Newly Formed Operation Prosperity Guardian To Protect Red Sea Shipping

During his visit to the Middle East next week, U.S. Defense Secretary Lloyd Austin will announce the formation of Operation Prosperity Guardian, a new international effort deal with Houthi threats, a U.S. military official told The War Zone. That information comes as U.S. and British warships shot down drones the Houthis launched in a wave from Yemen early Saturday morning local time, marking the latest escalation of attacks on shipping in the Red Sea.

The Arleigh Burke class guided missile destroyer USS Carney downed 14 drones today, a U.S. military official told The War Zone. The Type-45 destroyer HMS Diamond downed one drone targeting merchant shipping in the Red Sea with a Sea Viper missile, U.K. Defense Secretary Grant Shapps said in a statement. It was the first time the Royal Navy shot down an aerial target in anger since the First Gulf War in 1991 when the Type 42 Destroyer HMS Gloucester destroyed an Iraqi Silkworm missile bound for a U.S. warship.

The two destroyers, which were in constant communications, shot down the drones during a 45-minute attack wave near the Bab al-Mandab Strait, the official told us, speaking on condition of anonymity to discuss operational details.

While the British say the drones were attacking a merchant ship, the Carney engaged the drones because there were so many at once they were deemed a threat to the ship, the official said.

The official declined to say what weapons the Carney used because the U.S. does not want the Houthis to be able to figure out its munitions stocks.

In a Tweet, CENTCOM stated the drones “were shot down with no damage to ships in the area or reported injuries. Regional Red Sea partners were alerted to the threat.”

Houthi spokesman Yahya Sare’e said today that the Iranian-backed Yemeni rebels launched a wave of drones toward Israel, but did not mention either warship.

Today’s drone intercepts come a day after the Houthis set two cargo ships in the Red Sea ablaze and threatened a third vessel. Two of the world’s largest shipping companies, Maersk and Hapag-Lloyd, told us they were temporarily pausing transits into the Red Sea as a result of the Houthi attacks. You can read more about those incidents in our story here.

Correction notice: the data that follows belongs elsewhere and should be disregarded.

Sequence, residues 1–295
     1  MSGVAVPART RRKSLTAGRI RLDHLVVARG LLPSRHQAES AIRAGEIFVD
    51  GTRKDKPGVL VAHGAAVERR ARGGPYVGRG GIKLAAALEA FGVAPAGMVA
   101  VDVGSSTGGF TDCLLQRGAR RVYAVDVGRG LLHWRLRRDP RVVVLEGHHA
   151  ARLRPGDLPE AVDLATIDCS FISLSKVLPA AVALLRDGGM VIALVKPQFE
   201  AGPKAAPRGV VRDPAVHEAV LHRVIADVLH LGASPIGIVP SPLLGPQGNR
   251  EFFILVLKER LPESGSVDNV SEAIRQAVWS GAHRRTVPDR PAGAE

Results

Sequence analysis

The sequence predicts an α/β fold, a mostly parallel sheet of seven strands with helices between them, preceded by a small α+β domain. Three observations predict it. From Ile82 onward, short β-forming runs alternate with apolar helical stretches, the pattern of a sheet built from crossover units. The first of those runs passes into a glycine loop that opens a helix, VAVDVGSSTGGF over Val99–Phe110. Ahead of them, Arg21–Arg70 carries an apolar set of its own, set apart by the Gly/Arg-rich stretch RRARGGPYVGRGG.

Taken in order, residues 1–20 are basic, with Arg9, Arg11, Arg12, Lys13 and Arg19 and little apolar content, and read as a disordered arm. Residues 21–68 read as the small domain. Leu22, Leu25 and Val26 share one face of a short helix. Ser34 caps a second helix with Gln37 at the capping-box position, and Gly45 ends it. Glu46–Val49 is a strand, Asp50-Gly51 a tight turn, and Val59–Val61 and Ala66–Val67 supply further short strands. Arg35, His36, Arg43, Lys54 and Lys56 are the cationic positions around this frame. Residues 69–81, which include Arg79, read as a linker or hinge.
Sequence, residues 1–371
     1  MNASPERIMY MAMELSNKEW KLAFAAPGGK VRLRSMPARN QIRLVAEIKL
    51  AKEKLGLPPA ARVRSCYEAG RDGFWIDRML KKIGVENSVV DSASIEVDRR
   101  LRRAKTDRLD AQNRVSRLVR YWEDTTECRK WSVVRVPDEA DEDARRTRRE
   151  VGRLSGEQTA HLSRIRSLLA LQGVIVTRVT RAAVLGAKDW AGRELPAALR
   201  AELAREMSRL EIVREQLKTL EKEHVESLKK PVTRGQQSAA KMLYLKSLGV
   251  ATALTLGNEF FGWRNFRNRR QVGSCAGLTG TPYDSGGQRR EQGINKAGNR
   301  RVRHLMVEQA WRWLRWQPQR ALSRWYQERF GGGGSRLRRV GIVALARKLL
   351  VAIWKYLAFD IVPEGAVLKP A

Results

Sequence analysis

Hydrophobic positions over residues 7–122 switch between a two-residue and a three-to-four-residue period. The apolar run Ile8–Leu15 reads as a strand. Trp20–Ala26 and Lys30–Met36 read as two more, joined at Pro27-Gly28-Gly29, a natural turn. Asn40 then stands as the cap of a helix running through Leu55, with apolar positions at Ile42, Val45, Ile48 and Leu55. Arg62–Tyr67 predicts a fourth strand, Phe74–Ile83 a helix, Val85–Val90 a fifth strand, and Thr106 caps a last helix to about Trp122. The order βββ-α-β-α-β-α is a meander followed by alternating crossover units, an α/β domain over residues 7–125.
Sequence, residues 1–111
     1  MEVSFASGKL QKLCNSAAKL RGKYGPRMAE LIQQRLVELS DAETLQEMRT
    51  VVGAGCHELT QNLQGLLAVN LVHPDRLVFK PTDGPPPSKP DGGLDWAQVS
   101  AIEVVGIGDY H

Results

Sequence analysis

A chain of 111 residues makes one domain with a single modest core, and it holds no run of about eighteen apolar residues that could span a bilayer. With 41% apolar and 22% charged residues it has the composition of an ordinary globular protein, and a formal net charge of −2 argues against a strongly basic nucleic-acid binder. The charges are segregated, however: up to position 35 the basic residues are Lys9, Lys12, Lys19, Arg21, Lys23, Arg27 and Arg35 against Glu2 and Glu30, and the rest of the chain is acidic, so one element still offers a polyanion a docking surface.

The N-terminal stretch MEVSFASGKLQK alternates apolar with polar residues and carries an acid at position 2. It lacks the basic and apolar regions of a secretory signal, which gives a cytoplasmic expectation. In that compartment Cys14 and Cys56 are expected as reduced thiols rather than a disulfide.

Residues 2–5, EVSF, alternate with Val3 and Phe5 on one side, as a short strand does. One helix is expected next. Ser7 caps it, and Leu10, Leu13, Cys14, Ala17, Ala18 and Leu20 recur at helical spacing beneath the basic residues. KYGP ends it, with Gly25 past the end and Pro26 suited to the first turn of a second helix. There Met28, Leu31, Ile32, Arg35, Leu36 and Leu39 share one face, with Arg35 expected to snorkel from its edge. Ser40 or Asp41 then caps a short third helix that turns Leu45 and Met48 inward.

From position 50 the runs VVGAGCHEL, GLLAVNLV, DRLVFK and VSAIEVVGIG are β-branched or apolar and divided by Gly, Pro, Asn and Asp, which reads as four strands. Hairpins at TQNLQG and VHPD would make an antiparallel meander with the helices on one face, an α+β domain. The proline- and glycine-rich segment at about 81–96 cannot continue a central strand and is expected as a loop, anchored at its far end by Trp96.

Austin, who will be visiting the region early next week with Joint Chiefs Chairman Air Force Gen. C.Q. Brown, will announce Operation Prosperity Guardian, which will be similar to the existing Task Force 153, the official told us. That’s an international effort focusing “on international maritime security and capacity building efforts in the Red Sea, Bab al-Mandeb and Gulf of Aden.”

The official could not say Saturday how many nations will be involved or exactly what missions they will perform beyond patrolling the Red Sea against Houthi threats.

Shapps on Saturday noted that the Diamond recently arrived in the Red Sea “to bolster international efforts to maintain maritime security” as we previously reported.

“The recent spate of illegal attacks represent a direct threat to international commerce and maritime security in the Red Sea,” Shapps said. “The U.K. remains committed to repelling these attacks to protect the free flow of global trade.”

The Type 45 destroyer HMS Diamond downed a drone fired from Houthi-controlled Yemen, according to Defense Secretary Grant Shapps. (U.K. Defense Ministry photo)

“One-sixth of the world’s commercial shipping passes through the Bab-al-Mandeb Strait and Red Sea,” said First Sea Lord, Adm. Sir Ben Key in a statement. “HMS Diamond deployed at short notice to the region from Portsmouth just two weeks ago and is already delivering effect together with our American, French and other allies and partners.”

“The Royal Navy is committed to upholding the right to free use of the oceans and we do not tolerate indiscriminate threats or attacks against those going about their lawful business on the high seas,” he added.

While today’s incidents mark the first time a U.K. warship downed an aerial threat since 1991, it was at least the third time since the start of the Israel-Hamas war that the Carney has.

On Dec. 3, three missiles fired from Houthi-controlled territory in Yemen struck three commercial ships in the Red Sea, CENTCOM said at the time. Carney responded to distress calls from two of those vessels and downed three drones approaching it.

Oct. 19, Carney shot down four land attack cruise missiles and 19 drones, a U.S. official told The War Zone the next day.

As we reported earlier this week, a French warship has also engaged in intercepting Houthi drones. The FREMM Frigate Languedoc, patrolling off the coast of Yemen, shot down a drone threatening a Norwegian-flagged chemical tanker.

While there will be a new task force created next week, whether there will be any direct response against Houthi military targets remains to be seen.

This is a developing story.

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Howard Altman

Senior Staff Writer

Howard is a Senior Staff Writer for The War Zone, and a former Senior Managing Editor for Military Times. Prior to this, he covered military affairs for the Tampa Bay Times as a Senior Writer. Howard's work has appeared in various publications including Yahoo News, RealClearDefense, and Air Force Times.